• this could be caused by an acute injury or trauma or due to a more gradual onset because of deterioration/wear and tear

Ligaments connect one bone to another. The ligaments outside your knee joint are called the medial collateral ligament (inner knee) and the lateral collateral ligament (outer knee). They provide your knee with stability and limit the amount it can move from side to side. 

The medial collateral ligament is strong can be sprained or completely ruptured (torn) if you twist your straightened leg at the same time as being knocked sideways, for example, when being tackled in rugby. 

The ligaments inside your knee joint are called the anterior cruciate ligament (ACL) and the posterior cruciate ligament. These ligaments provide stability to your knee when it is in different positions, particularly in the forward and backward movements of the knee joint. People who sustain an injury to their ACL may complain of symptoms of the knee 'giving out'.


How to deal with it? 

  • Rest the leg and apply ice for 10/15 minutes every few hours for the first 48 hours after the injury.
  • Take some painkillers so you are comfortable.
  • A simple strain of the medial collateral ligament should settle very quickly over two to four weeks. If things are not improving seek medical advice.
  • For injuries to the cruciate ligaments seek medical advice immediately

Avoiding Knee Pain

There are some precautions you can take to try to reduce the risk of damaging your knee.

  • Exercise regularly to maintain a good level of fitness. This will mean your muscles are stronger and better able to support your joints, including your knees. If you haven't been active for a while, start gently and gradually increase the intensity.
  • Spend five to 10 minutes warming up before exercise to increase blood flow to your muscles and reduce the chance of an injury. Many sports professionals advise stretching your muscles after warming up and again after cooling down; however the benefit of stretching before or after exercise is unproven.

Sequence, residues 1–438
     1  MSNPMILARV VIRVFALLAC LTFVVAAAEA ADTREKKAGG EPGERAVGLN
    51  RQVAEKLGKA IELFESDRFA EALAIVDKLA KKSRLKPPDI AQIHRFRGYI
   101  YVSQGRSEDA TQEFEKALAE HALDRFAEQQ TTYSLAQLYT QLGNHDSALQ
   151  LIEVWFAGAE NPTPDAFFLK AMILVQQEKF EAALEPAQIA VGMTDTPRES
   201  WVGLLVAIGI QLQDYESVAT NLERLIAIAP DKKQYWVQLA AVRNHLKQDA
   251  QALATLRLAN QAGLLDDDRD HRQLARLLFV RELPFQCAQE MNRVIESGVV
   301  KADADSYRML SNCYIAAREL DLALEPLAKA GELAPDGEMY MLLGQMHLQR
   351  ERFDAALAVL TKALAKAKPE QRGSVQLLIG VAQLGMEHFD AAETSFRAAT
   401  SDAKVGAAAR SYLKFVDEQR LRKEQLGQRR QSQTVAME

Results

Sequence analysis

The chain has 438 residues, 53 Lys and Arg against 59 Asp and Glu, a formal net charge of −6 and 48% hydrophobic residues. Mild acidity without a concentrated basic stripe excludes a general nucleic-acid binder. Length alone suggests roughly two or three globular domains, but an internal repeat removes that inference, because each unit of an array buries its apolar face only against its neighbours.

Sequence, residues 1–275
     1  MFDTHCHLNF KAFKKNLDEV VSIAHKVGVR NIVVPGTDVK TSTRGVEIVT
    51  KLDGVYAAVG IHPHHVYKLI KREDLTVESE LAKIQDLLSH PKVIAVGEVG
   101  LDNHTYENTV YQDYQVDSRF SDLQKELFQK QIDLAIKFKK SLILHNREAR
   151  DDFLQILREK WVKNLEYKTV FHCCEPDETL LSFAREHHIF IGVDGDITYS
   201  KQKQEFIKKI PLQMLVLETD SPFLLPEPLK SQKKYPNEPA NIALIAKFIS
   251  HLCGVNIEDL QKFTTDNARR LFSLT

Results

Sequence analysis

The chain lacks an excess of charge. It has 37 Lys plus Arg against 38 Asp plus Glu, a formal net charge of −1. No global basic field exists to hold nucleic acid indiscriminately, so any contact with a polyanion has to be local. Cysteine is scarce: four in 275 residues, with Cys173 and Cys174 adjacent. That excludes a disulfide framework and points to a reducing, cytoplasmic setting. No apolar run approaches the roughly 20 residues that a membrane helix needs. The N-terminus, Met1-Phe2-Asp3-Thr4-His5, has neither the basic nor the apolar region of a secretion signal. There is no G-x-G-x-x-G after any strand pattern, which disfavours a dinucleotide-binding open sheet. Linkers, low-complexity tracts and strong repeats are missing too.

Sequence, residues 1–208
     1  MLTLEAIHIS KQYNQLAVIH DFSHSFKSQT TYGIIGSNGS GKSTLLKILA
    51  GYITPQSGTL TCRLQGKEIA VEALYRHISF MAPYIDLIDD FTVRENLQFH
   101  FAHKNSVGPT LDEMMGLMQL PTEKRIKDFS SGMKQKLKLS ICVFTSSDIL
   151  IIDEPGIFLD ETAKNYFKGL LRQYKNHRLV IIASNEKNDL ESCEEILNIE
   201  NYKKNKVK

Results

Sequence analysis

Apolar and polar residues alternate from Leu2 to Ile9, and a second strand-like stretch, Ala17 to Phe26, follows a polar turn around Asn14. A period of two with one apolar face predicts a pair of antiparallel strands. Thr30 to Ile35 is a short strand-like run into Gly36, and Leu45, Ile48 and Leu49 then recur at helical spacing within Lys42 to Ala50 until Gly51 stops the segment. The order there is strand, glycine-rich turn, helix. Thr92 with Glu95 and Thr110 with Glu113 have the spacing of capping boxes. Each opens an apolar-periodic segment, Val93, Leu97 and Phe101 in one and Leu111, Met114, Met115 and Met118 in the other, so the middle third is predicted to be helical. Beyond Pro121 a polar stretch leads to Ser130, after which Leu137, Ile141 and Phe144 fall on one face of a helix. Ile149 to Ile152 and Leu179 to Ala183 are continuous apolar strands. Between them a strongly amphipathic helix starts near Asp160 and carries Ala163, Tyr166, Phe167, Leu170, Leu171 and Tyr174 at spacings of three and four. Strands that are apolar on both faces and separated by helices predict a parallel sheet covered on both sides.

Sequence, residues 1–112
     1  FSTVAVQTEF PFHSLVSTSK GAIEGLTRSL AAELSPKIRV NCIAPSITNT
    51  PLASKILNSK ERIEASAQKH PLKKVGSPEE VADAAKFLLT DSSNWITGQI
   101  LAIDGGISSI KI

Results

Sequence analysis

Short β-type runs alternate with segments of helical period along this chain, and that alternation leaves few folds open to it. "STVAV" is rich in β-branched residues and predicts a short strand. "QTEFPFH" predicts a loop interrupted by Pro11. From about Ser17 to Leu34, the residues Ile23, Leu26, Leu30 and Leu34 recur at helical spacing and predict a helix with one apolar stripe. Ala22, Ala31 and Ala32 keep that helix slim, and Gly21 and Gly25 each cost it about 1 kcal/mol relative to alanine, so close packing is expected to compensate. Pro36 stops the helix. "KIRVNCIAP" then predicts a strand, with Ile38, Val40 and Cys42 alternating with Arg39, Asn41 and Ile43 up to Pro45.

• Vary your knee movements: Anterior knee pain (pain in the front of your knee) is generally the result of overusing the joint, so it is important to try and vary the stresses you place on your knee. For example, runners should make sure they mix up the surfaces they run on to include uphill runs and flat ground
  • Stretch regularly: Keep the muscles in your legs as flexible as possible by regular stretching.  
  • Strengthen your leg muscles: Perform regular exercises such as squats and lunges to strengthen and keep your leg muscles in good condition. 
  • Footwear: Ensure sports shoes are appropriate for the activity and are replaced regularly to avoid excessive wear. In osteoarthritis of the knee good, cushioned footwear has also been shown to be beneficial

Additional Resources

Patient Resources

Click the link for a patient information leaflet  Knee pain[pdf] 940KB

Click the link for a shared decision making leaflet  Shared Decision Making _ OA Knee [pdf] 858KB

Self refer into our service

It is important that you apply the advice and guidance provided above for around 8 weeks by which time we would expect you to notice improvement and in some cases complete recovery. If not, we have a team of trained physios who can help.

Self-refer into our service today

Think you need more urgent or emergency treatment? Follow the below guidance to see if you need to see someone quicker. 

Physiotherapy Triage

Physiotherapy Triage Red flag re-direction of patients to A&E/GP consultation

IMPORTANT 'Cauda Equina Syndrome’ although rare, can cause a permanent change to your bladder and/or bowel function, or foot strength.

IF you are suffering with low back pain and if you have any changes regarding the following since your pain started;

  • Bladder or bowel function (i.e., Increasing difficulty when you try to urinate, increasing difficulty when you try to stop or control your flow of urine, loss of sensation when you pass urine, leaking urine or recent need to use pads, inabilityof knowing when your bladder is either full or empty, inability to stop bowel movement or leaking, loss of sensation when you pass a bowel motion)
  • Loss of sensation/tingling around genitals, back passage, buttocks or inner thighs • Erectile or ejaculation problems or loss of sensation in genitals during sexual intercourse
  • Loss of sensation/ tingling or numbness in both legs
  • Weakness in foot (i.e. floppy foot or inability to lift front of foot when walking)

If YES call NHS 111 or go to A&E IMMEDIATELY

If you are suffering with low back pain and if you have any of the following;

  • History of cancer
  • Unexplained weight loss
  • Feeling generally unwell/fever/lack of appetite

Please contact with your GP as soon as possible to discuss if other investigations are required rather than self-referring to physiotherapy.

You can also visit your GP for more information and advice on;

  • Women's and men's health including pelvic floor and incontinence
  • If you have had a series of falls and want to learn more to help avoid them
  • If you have reduced mobility and require a stick or frame
  • If you require neurological support for example if you have had a stroke or Parkinson's
  • If you are housebound
  • If you are under 16 years old